A collection of severely damaged Bob Marley tapes, which had lain forgotten for more than four decades in a London hotel basement, has been successfully restored.
The 13 reel-to-reel, analogue master tapes were found more than a year ago in a damp cardboard box in a run-down hotel in north-west London where Marley and the Wailers stayed in the mid-1970s during their Eastern europe tours.
The Guardian reports that the tapes were originally thought to be beyond repair, largely due to water damage.
But after more than 12 months of meticulous effort using the latest audio techniques, the master reels have been restored, with the sound quality said to be enough to “send shivers down one’s spine.”
The tapes are the original live recordings of Marley’s concerts in London and Paris between 1974 and 1978, and feature some of his most famous tracks including, Jammin, Exodus, I Shot the Sheriff, and No Woman No Cry.
Performed at the Lyceum in London (1975), the Hammersmith Odeon (1976), and the Rainbow, also in London (1977), as well as at the Pavilion de Paris (1978), the concerts were recorded live on the only mobile, 24-track studio vehicle in England at the time, which was on loan from the Rolling Stones.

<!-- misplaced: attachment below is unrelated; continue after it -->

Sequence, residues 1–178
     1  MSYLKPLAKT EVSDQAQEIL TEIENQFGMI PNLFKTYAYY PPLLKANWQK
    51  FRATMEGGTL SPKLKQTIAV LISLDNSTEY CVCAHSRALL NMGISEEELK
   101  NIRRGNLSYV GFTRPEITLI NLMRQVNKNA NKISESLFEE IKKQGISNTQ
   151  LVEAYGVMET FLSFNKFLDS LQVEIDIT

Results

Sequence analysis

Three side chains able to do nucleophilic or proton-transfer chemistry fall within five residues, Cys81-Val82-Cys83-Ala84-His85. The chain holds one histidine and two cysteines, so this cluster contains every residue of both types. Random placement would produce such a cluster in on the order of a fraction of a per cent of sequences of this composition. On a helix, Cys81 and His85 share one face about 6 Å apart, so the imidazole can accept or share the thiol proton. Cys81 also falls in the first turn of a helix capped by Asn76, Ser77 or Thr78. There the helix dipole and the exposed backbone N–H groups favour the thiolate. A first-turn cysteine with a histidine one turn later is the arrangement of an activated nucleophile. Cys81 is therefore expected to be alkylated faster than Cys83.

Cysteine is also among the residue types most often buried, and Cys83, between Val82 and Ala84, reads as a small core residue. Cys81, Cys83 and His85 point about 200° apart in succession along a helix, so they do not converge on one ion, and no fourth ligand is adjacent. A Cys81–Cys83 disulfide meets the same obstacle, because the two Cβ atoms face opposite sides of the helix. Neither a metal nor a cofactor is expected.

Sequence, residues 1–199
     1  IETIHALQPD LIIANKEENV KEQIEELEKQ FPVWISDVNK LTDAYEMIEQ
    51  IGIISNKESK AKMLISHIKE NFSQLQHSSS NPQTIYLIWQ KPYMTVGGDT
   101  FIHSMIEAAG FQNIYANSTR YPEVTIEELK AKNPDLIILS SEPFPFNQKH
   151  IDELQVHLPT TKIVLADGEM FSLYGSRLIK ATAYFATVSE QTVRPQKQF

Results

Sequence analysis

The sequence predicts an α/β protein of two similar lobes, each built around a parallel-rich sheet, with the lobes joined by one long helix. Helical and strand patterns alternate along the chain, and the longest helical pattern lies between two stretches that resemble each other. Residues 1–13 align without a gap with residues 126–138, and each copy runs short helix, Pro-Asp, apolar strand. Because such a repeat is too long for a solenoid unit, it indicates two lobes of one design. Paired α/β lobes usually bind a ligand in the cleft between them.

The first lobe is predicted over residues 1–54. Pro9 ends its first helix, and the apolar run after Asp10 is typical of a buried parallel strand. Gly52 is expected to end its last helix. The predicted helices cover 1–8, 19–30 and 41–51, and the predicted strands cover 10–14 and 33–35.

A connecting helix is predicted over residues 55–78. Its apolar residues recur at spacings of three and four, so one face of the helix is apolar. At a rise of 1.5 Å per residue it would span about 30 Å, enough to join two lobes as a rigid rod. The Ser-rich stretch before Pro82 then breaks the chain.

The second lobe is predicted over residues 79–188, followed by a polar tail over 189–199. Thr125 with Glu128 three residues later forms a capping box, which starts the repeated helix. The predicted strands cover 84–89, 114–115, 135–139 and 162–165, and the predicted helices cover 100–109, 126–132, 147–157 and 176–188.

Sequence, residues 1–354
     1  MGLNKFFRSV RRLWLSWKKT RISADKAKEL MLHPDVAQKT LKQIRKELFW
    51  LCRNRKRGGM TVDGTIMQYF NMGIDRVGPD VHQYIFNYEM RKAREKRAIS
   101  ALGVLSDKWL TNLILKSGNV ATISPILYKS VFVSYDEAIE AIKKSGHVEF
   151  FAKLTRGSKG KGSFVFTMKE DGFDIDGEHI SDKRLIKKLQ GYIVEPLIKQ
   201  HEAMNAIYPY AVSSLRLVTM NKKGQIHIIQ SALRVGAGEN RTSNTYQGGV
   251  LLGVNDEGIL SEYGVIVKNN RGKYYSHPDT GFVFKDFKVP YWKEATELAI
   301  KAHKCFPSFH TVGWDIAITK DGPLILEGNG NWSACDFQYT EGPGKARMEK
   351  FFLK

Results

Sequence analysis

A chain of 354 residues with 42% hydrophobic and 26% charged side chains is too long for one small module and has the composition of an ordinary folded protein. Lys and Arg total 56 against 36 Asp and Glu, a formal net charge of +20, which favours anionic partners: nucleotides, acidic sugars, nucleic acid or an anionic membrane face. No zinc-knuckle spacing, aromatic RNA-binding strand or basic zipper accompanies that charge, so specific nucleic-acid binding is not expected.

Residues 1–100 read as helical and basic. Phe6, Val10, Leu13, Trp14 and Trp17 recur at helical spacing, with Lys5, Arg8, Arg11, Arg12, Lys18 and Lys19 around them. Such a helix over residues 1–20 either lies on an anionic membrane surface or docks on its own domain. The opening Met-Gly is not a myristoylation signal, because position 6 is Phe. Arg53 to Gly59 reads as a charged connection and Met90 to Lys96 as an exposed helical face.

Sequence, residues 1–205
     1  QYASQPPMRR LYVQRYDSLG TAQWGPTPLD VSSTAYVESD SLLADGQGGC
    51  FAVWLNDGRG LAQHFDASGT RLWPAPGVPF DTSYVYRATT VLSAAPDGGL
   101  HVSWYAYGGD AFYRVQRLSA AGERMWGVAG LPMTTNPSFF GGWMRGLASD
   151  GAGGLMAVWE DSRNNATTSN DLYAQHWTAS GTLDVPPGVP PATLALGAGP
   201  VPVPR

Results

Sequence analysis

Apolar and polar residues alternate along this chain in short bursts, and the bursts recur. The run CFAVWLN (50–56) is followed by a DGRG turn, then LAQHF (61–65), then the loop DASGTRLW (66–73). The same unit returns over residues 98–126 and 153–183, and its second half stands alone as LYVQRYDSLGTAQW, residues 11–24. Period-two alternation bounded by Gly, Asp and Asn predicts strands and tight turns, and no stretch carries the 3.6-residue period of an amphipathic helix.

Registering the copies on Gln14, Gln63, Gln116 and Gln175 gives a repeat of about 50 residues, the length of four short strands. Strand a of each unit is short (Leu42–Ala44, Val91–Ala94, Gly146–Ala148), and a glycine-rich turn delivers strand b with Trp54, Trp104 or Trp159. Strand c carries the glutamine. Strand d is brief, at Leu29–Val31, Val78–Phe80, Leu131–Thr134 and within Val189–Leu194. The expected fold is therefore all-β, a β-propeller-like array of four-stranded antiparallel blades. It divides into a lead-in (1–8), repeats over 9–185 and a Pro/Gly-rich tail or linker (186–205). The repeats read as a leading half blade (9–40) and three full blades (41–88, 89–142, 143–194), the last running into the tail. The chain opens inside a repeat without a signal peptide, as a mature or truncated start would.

According to The Guardian, the tapes were salvaged by Marley fan and London businessman Joe Gatt, who had received a call from a friend saying he had found what appeared to be some old Marley tape recordings.
“He was doing a building refuse clearance that included some discarded two-inch tapes from the 1970s. I couldn’t just stand by and let these objects, damaged or not, be destroyed so I asked him not to throw them away,” Gatt said.
He passed the master recordings to business partner and jazz singer Louis Hoover, who initially believed they were too far gone to be restored.
“When I saw the labels and footnotes on the tapes, I could not believe my eyes, but then I saw how severely water-damaged they were,” he said.
“There was literally plasticised gunk oozing from every inch and, in truth, saving the sound quality of the recordings looked like it was going to be a hopeless task.”
Fortunately he was proved wrong, but ownership of “the lost masters” was not immediately clear.